An ode to typing simulators
Here we are in the 21st century: we live in an age where work, fun and socializing can all be accomplished in front of your computer screen. Now more than ever, it is vital to become familiar with technology and the digital world. It means accessing the Internet, creating spreadsheets, and most importantly knowing how to type. Typing is often overlooked when it comes to everything. Frequent typing errors result in decreased productivity or are roasted on Twitter. It is a vital skill to learn.
In 2008, my dad bought “Mavis Beacon Teaches Typing” to teach my sister and I how to type. I never fully invested in it and kept typing looking at my keyboard for each letter of the alphabet rather than memorizing the positions like the desired software. When I was eight, I didn’t care to learn properly. However, this was my first encounter with a typing program, and I still have fond memories of it.
Initially, typing was new to me. After writing in cursive all day, it was nice to come home and turn on the old laptop to relax while typing a bit. There were some fun mini-games you could play, like the one where you saw asteroids floating with words on them and you had to defend the earth by typing the words to destroy the asteroids. I was an easily amused child. Typing continued to gain popularity throughout my childhood.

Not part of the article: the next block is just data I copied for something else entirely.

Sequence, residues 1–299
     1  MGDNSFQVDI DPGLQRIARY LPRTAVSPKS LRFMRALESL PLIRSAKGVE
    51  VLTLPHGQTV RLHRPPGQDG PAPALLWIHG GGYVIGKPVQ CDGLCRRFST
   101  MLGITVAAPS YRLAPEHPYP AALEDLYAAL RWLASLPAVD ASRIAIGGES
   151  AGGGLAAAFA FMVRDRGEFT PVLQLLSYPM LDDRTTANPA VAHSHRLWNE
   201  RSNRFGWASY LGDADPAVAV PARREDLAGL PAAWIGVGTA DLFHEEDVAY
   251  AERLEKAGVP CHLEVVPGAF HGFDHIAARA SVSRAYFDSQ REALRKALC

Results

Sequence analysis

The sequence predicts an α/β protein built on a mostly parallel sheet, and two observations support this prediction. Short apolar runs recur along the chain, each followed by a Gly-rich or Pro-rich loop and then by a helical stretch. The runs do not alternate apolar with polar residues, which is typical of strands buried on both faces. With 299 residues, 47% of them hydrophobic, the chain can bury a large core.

There are more “video game” attempts to teach typing if the traditional “Mavis Beacon” curriculum is too boring and academic for children. In 2000, the game “Typing of the Dead” was released as an officially licensed parody of “The House of the Dead 2”. In this reincarnation of the game, you kill zombies with your keyboard instead of a gun. Personally, I’ve never played the game, but I can certainly see the appeal of a story-based educational game that relies on humor and camp to draw the player in. By today’s standards, it seems unlikely to take off in the market as people are now looking for more complex, story-based games. Although it remains a cult of the game, people have moved on to something even better: competitive typing.
Recently a lot of my friends got really interested in “TypeRacer”, a typing simulator where you run other people to complete a piece of media, usually a book or a movie. Ideally, you complete the pass faster than everyone else, and as a reward you can watch your small car cross the screen to the finish line. At first it seemed crazy to me that people could have fun practicing typing, but then I remembered the good old days of “Mavis Beacon”. Since then, I have spent many hours typing against friends and had a blast. Hitting a perfect pass without errors is a crazy high.
Now typing is more like a musical instrument for me. When I’m bored, I take the time to go to websites where I can practice typing faster. Just like real racing, I’m not just competing against other people, but against myself. It’s a bragging rights to be able to type fast, and my competitive nature pushes me forward.
Typing is a way of having fun. Whether it’s playing a game on your computer, talking to someone online, or even writing “Twilight” fan fiction, typing is more than just moving your fingers really fast. It was something I was allowed to have fun with, even while learning.
I’m not going to say that typing is the most important thing in your life or that typing will make you a better person, but it’s fun! I guess I’m still easily amused.
Daily Arts writer Maxwell Lee can be contacted at [email protected]